Leaking kitchen sink not reported until damage was extensive- Who pays for repairs?

11 Replies

I have a sfh in NC that has been rented for a little less than a year. All pipes/plumbing were in working order when rented. Today I received a complaint that the the pipe under the kitchen sink has a leak and apparently has been leaking long enough to cause mold and the floor underneath to rot. Is this entirely the landlord's responsibility or is the tenant also partially responsible for damages for being negligent? Any advice would be greatly appreciated.

IMO, landlord.  We don't store anything under our sink; I can't remember the last time I opened that door.  Why would I?

Plumbing leaks are on the landlord.

Here is a statement in my contract that holds tenants responsible if they knowingly ignore and don't report water damage.  However, I would be lenient depending on the circumstance and do what is necessary to get it resolved correctly.

NOTICE OF DEFECT:Lessee agrees to notify the Lessor or his agent, in writing, of any defects in, or complaints about the leased premises including any and all plumbing leaks and failed caulking around tub. Tenant will be required to pay for damages resulting from leaks unreported in a timely fashion. In the event emergency repairs are necessary, lessee shall notify agent by telephone and immediately follow up with a written complaint in order that the Lessor may be adequately and legally be notified of the lessee’s complain.The resident understands that they will receive no rent deductions, adjustments or compensation due to repairs or interruptions of service except as provided by law.

How are you going to prove "knowingly ignore?"

I'm sure the tenant may be somewhat responsible, but at the end of the day you can't prove it so your on the hook. 

@Account Closed  

These things happen; it's just the cost of doing business. If it's just the cabinet bottom that needs replacing, it's not too big a job. 

Thanks for all the input everyone, it certainly helps to see that its simply a part of the business, a lot of this is all new to me. I saw the damage for myself tonight and it was quite apparent that they do use the storage space under the sink for cleaning supplies. It was not a plumbing issue but it appears the rubber seal that connects the dishwasher hose to the plumbing pipes had been knocked loose or off and flooded the area and ignored for quite a while, unfortunately there is no cabinet floor and it flooded the subfloor to the kitchen. It has saturated and molded the surrounding cabinets (part of a 10x3 kitchen island) and part of the drywall on the opposite side of the island. I am going tomorrow to remove the damaged parts and see what needs to be replaced, but again any input would be appreciated. 

That's going to depend on your rental/lease agreement. If you have a proper check in/out sheet that they signed off on all plumbing on AND if you have a section stating that the tenant must notify you of any maintenance issues as soon as they are discovered then you can technically hold them responsible for it. However, remember that most landlord tenant laws are not actually laws, they're based on case precedence. Ultimately you have to think if its something a judge would allow, not whether its strictly "legal or illegal."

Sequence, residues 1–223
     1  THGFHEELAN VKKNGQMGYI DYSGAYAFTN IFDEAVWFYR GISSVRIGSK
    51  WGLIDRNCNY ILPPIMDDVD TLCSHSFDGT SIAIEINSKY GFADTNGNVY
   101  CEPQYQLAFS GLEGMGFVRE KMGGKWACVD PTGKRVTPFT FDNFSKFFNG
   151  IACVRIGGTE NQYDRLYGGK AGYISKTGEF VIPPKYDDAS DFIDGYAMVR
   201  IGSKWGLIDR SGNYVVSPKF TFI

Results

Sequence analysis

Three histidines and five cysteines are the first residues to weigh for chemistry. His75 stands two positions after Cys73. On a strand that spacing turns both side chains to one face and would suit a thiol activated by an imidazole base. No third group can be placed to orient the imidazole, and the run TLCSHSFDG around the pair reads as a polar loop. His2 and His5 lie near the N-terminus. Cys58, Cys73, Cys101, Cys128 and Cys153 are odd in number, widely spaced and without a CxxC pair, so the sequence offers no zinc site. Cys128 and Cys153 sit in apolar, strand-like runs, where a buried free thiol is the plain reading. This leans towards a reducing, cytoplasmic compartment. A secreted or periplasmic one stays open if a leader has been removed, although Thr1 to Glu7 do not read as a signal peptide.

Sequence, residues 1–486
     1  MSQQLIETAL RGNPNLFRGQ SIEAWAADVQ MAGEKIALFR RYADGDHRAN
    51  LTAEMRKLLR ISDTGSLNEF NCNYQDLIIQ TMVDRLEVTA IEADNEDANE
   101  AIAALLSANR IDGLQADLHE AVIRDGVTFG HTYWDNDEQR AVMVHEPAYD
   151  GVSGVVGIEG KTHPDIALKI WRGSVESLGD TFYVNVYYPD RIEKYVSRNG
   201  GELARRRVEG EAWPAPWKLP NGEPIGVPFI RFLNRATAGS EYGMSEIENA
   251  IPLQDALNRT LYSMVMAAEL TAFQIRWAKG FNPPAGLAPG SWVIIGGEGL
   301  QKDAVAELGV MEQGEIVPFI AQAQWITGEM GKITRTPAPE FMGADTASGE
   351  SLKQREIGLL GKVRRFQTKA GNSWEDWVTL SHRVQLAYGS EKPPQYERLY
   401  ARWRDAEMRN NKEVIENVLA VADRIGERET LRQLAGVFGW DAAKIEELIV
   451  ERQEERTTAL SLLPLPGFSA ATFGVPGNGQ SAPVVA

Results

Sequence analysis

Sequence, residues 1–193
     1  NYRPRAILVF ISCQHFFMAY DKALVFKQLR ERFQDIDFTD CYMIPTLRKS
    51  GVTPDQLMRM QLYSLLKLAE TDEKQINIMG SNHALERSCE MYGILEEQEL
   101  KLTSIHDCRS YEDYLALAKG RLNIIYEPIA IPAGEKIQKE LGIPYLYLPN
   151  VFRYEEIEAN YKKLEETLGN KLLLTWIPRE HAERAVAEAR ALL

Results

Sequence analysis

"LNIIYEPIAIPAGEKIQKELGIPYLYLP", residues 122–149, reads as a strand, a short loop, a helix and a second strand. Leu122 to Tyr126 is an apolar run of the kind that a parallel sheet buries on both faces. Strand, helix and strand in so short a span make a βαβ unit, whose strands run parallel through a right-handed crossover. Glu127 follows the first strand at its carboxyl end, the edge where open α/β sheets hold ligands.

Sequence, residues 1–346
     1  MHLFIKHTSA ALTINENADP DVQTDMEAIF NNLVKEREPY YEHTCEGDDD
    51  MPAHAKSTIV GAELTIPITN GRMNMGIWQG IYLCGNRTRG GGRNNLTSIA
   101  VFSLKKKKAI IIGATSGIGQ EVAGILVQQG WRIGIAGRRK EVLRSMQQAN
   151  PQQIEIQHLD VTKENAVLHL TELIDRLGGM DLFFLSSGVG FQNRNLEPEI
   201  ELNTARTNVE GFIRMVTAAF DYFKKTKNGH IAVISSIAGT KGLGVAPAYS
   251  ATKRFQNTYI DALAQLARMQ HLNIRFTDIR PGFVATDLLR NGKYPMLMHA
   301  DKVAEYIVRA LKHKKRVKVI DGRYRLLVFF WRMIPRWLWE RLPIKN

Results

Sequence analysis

Also remember that you are not operating in a vacuum here. If they are a good tenant that you want to keep you'll need to think about how they'll feel about it and how they might react. Is it worth it to you to loose a long term tenant and have turnover costs because you didn't want to eat the cost of fixing a few issues now? Only you know the tenant and the dollars involved, you'll just have to weigh the pros and cons. Good luck!

take it as a learning lesson. We inspect our units every 6 months, change smoke and carbon monoxide batteries and HVAC filters, and Thermostat batteries. I have a maintenance background so I learned early on there a reason most apartment complexes do this, we should too. Regardless its an easy fix, put a new cabinet bottom in, install lino over it (then if there's a small leak it wont rot the board) and reconnect the dishwasher hose. Be thankful it wasn't an upstairs unit.

Thanks again for all the input! I was definitely relieved when I saw the amount of damage and am planning to take this one as a small loss and warn them again shoving the large clear tub (that I'm pretty sure knocked the hose loose to begin with) in the space. This is my first SFH rental and I am learning many lessons for the future. Glad to have a community of experienced individuals to turn to for advice.

This is one reason why the landlord or PM needs to visit the property every so often.

I stop by every 45 days or so to change AC filters, and one thing I always do is to look under all drain pipes, as well as washer hose connections.  You really cannot rely on the tenants to report all damages on time.  They don't really care unless it adversely affect them.

In anticipation of tenants who have little respect for property (compared to an owner) I've installed water alarms in areas that can cause trouble: the lowest point on the floor under the washer, behind the toilet in the bathroom, and under the sink in the kitchen. Then add to the lease a statement something like 'occupants are not allowed to tamper with or disable moisture alarms' in addition to the usual language about notification of leaks. The water alarms are cheap and make a really annoying shrill sound when they go off, but not as loud as a smoke detector.

I don't allow my tenants to have their own clothes washer either. If they don't maintain their machine, then they aren't going to care about the floor/subfloor.

Join the Largest Real Estate Investing Community

Basic membership is free, forever.